Tim Van Deelen is Professor of Forest and Wildlife Ecology at the University of Wisconsin – Madison. He grew up in Hudsonville, Michigan, and graduated from Calvin College. From there he went on to the University of Montana and Michigan State University. He now studies large mammal population dynamics, sails on Lake Mendota, enjoys a good plate of whitefish, and gains hope for the future from terrific graduate students. 


  • Ed Starkenburg says:

    Thank you. We have the indeed made access to guns an idol. Can we acknowledge this and move forward to make changes?

  • Nancy Ryan says:

    Thank you Tim. This helps to give me words as I seek to comfort my congregation and as we seek to get into action that brings about change. I pray never again!

  • Daniel Meeter says:

    Thank you Tim. A Godsend that it was your turn to write. It’s numbing that we are now further away from the possibility of any possible corrective response then we were ten years ago after Sandy Hook. Now, if our system does essentially nothing in response, if it shows itself incapable of responding, if it continues to find it impossible to make any change, then the American system that we (in general) enjoy cannot be fixed incrementally or through corrective policies but must undergo total revolution, root and branch. How can we uphold a system of culture, government, and economc life that reveals itself to be so violent at its core.

    • Rodney Haveman says:

      I hate to say it, but our country was founded on the myth of redemptive violence. The core of the US’s culture, government, and economic life has always been violence. The church has blessed this vision of life with horrific visions/interpretations of atonement in the cross, white supremacist and patriarchal visions/interpretations of Scripture. We have more guns than any other country-just about 1 per person. We have the largest military by far. We spend more on police than any other country spends on their military save the other top two spenders. We fly jets over open air stadiums before sporting events. We have more death by suicide with guns, mass shootings, etc, and to be clear not more mental health issues, not more video game players, not more crime in general. We just have less gun safety in a myriad of ways. We must repent of it, maybe starting with the church, proclaim a new vision, and do the hard work of starting all over again. Unfortunately, nothing in our system over my short years as a citizen reveals we have any interest in doing this.

  • Steve Van't Hof says:

    Well said.

  • John Kleinheksel says:

    Well Tim, I’m going really radical now, getting to the roots of our societal malaise:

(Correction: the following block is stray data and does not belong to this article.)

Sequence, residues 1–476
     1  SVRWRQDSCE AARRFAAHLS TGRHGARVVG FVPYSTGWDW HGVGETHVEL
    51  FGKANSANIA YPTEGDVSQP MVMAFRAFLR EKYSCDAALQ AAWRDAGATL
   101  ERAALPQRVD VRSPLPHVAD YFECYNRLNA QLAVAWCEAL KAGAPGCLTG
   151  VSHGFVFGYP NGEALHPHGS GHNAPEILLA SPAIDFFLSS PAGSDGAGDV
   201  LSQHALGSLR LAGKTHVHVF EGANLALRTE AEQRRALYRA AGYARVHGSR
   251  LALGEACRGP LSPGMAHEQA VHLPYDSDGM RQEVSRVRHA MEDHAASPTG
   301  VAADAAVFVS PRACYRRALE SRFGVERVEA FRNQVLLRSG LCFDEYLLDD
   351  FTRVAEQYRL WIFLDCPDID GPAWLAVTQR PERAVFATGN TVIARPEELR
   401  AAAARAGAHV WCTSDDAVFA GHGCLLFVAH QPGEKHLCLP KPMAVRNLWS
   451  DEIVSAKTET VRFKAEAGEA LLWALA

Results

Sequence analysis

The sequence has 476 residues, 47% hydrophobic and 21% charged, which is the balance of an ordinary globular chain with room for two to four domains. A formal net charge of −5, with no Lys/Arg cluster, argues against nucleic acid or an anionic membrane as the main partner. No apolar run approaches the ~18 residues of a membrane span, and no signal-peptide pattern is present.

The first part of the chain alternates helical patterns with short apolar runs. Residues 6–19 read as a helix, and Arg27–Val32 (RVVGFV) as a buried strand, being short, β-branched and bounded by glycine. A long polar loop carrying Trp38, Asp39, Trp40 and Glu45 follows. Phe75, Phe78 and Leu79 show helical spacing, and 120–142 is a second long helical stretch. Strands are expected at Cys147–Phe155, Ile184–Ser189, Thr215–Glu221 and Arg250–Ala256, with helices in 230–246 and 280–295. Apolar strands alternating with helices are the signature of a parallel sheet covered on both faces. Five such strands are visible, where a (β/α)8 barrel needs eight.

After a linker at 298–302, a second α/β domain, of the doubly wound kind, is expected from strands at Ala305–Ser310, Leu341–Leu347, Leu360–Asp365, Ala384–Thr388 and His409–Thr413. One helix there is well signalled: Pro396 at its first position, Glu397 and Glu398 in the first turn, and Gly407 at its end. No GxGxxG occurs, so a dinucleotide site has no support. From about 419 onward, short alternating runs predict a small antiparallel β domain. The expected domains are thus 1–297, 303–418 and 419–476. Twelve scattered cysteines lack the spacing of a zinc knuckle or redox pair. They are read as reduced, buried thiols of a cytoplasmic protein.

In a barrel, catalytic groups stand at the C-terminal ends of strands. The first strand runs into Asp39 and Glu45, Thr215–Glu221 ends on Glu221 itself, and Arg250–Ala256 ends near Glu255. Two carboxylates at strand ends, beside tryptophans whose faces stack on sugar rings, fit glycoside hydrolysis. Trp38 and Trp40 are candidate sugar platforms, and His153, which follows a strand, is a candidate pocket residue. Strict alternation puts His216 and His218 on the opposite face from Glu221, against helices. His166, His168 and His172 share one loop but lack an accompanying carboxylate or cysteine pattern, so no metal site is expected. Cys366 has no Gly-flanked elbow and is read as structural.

1) Husbands loving and being faithful to their wives. Wives being loving and loyal to their husbands
    2) Parents raising their children responsibly, teaching them “the way they should go,” not driving them to “rage” (Eph. 6:4)
    3) Children honoring their parents (so society will not be hopelessly broken).

    Why don’t more “progressives” really get to the roots of our societal dilemma, by finding tried and true and fresh ways of influencing marriage and family life?

    • David E Timmer says:

      I’m all for everything you suggest here, John. But is family health really the most relevant variable here? Are we to assume that all of the countries that have lower rates of gun violence than we do (virtually every developed nation, and it’s not even close) are our superiors in family harmony? Careful statistical studies using international data have shown repeatedly and conclusively that there IS a powerful correlation associated with gun violence. Guess what – it’s the guns! The quantity and availability of guns is more powerfully correlated with gun violence than any other factor – and again, it’s not even close.

    • Daniel Miller says:

      Have you ever met parents who seemed to do every thing they could to be good and even Godly parents and yet somehow some of their children went “astray.” And by the way, have you ever checked the divorce statistics for evangelical Protestants? “The Pew Research Center found Protestant individuals (anyone who identified themselves as non-Catholic, but Christian) included 74% of all Christians, and had a divorce rate of approximately 51 percent out of a sampling of 4,752 individuals. However, these were broken down by Evangelical Protestant, Mainline Protestant, and Historically Black Protestant. Of this 74%, the highest number of divorces among this group were the Evangelical Protestants at 28 percent. The Historically Black Protestants had a divorce rate of only 9 percent according to the study.” Progressives aren’t the problem.

    • Tim Van Deelen says: